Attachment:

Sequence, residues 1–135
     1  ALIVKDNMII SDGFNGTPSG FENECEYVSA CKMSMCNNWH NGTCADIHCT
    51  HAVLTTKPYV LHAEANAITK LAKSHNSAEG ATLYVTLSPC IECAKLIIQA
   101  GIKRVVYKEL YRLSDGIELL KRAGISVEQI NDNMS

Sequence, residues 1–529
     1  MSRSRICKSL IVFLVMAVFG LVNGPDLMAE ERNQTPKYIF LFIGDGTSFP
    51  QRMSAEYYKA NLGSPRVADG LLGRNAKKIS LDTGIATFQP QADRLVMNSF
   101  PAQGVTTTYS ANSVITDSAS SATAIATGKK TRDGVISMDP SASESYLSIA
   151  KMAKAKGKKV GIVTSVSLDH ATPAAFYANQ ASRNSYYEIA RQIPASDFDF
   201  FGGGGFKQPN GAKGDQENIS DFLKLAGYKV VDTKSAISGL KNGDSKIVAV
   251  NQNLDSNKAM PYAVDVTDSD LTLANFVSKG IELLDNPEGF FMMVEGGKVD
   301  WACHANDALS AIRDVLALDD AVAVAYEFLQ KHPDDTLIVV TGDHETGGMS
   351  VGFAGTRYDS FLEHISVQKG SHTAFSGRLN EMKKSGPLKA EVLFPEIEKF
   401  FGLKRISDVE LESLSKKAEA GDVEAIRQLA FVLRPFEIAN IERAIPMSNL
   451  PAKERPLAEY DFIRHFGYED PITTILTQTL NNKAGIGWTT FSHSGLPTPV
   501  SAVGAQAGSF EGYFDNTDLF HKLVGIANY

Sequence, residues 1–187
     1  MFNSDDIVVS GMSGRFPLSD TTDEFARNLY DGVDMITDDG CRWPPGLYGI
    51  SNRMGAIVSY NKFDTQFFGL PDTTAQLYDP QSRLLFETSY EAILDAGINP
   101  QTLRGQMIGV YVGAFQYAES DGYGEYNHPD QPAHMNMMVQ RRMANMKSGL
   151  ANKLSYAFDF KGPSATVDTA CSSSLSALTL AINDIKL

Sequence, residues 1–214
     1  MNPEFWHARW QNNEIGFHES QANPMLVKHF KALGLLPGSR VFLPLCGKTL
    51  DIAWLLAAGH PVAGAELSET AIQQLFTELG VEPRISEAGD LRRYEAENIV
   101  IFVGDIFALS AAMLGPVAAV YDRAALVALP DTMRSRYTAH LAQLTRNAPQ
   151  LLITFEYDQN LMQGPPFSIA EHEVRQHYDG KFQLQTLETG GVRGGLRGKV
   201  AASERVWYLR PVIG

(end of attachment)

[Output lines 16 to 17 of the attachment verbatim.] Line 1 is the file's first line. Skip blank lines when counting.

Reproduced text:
   501  SAVGAQAGSF EGYFDNTDLF HKLVGIANY

Sequence, residues 1–187